STARTING SEVEN

Australia
GS: Sharelle McMahon
GA: Nat Medhurst
WA: Lauren Nourse
C: Natalie Bode
WD: Renae Ingles
GD: Mo’onia Gerrard
GK: Susan Fuhrmann

BENCH: Cath Cox, Kim Green, Bec Bulley, Laura Geitz, Susan Pettitt
COACH: Norma Plummer

New Zealand
GS: Irene van Dyk
GA: Maria Folau
WA: Temepara Bailey
C: Laura Langman
WD: Joline Henry
GD: Casey Kopua
GK: Katrina Rore

BENCH: Anna Scarlett, Liana Leota (Nee Barrett-Chase), Leana de Bruin, Grace Rasmussen
COACH: Ruth Aitken

SHOOTING STATS

Australia:
Cath Cox 20/26
Sharelle McMahon 30/34
Nat Medhurst 14/18

New Zealand:
Maria Folau 41/50
Irene van Dyk 25/29

Top 5 Australian midcourters from 90s to now

THROUGHOUT Diamonds history there has been a host of star players rotate through the midcourt, particularly the centre and wing attack positions. Since entering a new decade we decided to rank the top five midcourters from 1990 to now. This is an opinion-based article based on the perceptions of the individual writer and how they rank against other centre court players.

#1 Kim Green
Green was a main-stay in the Australian Diamonds midcourt, from making her debut in 2008 to her international retirement in 2015. With extraordinary timing and skill to boot combined with an uncanny ability to create something out of nothing, Green made the wing attack position her own. She could turn on a dime and deliver pin point passes time and time again. Green was a fierce competitor, unfazed by the physical nature of the game and instead thriving on it. Although the latter half of her career was marred by injury she consistently displayed her cleanliness with ball in hand and game making ability. She was renowned for her impressive timing, able to drive hard to the top of the circle and use her dynamic change of pace to create space in the attacking third. Green had arguably one of the safest sets of hands in Diamonds history, able to reel in errant passes while her balance was second to none. She was a real playmaker and provided a steady head, lowering her eyes and delivering bullet passes. The talented wing attack capped off her career with two World Cup championships and a gold medal at the Commonwealth Games.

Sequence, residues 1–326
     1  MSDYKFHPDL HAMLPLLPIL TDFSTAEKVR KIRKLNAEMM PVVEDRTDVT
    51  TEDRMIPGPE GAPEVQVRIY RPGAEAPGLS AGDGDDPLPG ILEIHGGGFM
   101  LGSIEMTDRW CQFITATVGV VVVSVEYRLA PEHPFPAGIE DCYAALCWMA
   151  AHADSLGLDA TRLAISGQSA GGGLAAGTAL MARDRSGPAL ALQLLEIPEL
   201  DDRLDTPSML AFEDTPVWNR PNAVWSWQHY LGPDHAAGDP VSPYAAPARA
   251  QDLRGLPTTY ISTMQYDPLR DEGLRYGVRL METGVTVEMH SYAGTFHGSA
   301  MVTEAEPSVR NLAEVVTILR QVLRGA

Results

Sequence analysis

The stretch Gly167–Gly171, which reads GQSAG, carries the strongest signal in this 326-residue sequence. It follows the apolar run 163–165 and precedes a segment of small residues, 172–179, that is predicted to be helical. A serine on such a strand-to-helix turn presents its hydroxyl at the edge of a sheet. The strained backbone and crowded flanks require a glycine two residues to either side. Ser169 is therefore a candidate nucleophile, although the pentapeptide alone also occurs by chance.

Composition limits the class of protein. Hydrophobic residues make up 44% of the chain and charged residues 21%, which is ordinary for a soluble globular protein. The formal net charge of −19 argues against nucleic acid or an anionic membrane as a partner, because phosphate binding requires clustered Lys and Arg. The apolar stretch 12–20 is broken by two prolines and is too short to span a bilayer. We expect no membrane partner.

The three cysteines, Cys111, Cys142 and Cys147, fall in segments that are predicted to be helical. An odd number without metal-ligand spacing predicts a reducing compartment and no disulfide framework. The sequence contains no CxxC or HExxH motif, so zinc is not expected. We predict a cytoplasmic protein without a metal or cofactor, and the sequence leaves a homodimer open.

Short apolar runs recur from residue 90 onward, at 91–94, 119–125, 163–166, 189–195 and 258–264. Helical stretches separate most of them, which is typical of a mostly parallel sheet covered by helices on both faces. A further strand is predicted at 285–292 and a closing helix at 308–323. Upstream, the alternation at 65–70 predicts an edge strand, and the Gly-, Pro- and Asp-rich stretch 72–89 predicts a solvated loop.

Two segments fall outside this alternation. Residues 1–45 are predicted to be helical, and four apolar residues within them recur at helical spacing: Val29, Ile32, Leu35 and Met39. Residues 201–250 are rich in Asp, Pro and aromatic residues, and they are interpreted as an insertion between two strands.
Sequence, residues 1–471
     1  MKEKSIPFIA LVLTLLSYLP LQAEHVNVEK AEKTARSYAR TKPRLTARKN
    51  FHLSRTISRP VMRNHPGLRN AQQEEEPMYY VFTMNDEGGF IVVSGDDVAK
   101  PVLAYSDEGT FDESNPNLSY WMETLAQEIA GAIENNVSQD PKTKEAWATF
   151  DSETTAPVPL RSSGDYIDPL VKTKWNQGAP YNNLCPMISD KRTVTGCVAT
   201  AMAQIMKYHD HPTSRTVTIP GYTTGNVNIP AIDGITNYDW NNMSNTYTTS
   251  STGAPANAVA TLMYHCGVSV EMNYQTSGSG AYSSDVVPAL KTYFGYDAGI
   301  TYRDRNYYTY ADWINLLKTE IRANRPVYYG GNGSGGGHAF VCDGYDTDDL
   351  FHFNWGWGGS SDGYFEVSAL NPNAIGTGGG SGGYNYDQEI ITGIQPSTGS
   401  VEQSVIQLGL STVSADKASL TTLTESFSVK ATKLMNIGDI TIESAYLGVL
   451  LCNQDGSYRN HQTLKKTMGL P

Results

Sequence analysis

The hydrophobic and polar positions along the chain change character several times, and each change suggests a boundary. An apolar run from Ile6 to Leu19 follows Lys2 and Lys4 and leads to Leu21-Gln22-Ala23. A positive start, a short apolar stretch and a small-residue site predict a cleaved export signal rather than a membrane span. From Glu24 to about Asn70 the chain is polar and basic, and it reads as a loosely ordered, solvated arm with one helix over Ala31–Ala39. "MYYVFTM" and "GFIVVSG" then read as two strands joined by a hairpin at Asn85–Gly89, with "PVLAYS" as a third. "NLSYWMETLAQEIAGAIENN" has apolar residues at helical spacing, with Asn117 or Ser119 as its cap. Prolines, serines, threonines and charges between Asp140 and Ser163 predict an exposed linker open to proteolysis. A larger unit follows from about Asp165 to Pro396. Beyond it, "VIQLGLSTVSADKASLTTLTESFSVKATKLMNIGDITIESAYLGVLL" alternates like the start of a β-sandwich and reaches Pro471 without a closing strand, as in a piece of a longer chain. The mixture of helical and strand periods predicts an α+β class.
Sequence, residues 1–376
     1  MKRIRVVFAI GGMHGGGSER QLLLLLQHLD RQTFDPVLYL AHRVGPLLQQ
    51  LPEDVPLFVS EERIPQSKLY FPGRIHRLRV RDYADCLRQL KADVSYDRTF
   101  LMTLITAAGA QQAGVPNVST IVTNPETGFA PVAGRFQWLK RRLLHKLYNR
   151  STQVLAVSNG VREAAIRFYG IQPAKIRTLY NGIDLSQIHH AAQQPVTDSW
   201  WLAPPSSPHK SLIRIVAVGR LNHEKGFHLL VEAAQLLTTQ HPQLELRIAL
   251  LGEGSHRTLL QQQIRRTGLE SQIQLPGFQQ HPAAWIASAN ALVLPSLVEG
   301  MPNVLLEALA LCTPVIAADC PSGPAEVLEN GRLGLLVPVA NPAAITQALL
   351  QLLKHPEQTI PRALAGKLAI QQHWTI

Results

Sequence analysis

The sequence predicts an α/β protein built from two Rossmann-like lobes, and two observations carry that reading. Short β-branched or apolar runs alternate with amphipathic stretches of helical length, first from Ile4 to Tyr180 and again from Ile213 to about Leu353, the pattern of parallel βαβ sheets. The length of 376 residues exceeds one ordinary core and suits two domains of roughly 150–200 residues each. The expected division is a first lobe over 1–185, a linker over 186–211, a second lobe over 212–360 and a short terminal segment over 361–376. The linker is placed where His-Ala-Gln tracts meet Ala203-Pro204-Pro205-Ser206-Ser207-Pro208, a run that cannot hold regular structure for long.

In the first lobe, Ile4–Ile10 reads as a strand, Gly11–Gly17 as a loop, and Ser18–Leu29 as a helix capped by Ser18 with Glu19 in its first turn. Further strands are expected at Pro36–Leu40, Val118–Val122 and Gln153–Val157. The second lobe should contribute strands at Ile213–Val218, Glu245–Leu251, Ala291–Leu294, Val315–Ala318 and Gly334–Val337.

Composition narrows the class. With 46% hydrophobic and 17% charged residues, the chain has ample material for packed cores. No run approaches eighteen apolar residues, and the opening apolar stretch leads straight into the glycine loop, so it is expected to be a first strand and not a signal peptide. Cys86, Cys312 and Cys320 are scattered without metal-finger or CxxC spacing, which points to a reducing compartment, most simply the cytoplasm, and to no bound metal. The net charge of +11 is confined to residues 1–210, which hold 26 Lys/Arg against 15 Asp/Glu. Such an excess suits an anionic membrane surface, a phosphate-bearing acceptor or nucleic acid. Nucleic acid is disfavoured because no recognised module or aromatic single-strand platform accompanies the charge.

#2 Nat von Bertouch
The talented centre was not afraid to take the game on, using her ball speed and quick footwork to beat her opponent. Von Bertouch was a class above many of her competitors, using her experience and leadership to dictate space in the attacking third and create opportunities inside the goal circle. She worked hard to secure prime position at the top of the circle while also plying her trade defensively to limit her opponents’ free-flowing movement. The former Diamond had speed to burn along with high endurance, allowing her to run the court with ease and making her hard to stop when on song. Credit to her dominance on the international scene, von Bertouch led the Diamonds to back-to-back World Cup victories while also being handed the reins as inaugural captain of the Adelaide Thunderbirds. She was dynamic across the court, often instigating the forward thrusts and threading the ball through the defensive pressure.

#3 Madi Browne
Browne is the gift that keeps on giving, able to deliver on both an international and domestic stage. Despite donning the wing attack bib more often in the latter half of her career the talented midcourt player can also cause damage in centre, using her signature balks and vision to pierce the defensive unit. She is strong around the circle edge, able to ward off her opponents and command the ball to allow the goalers to reposition. Browne is not afraid to deliver risky passes credit to her high level of execution and netball nous. Her timing and acceleration is a key element of her gameplay, able to break away from defenders and create free space. Although she is not the most athletic player her smarts and ball use are second to none, hardly ever wasting a ball. Throughout her time with the Diamonds, Browne won a gold and silver medal from the 2014 and 2018 Commonwealth Games respectively.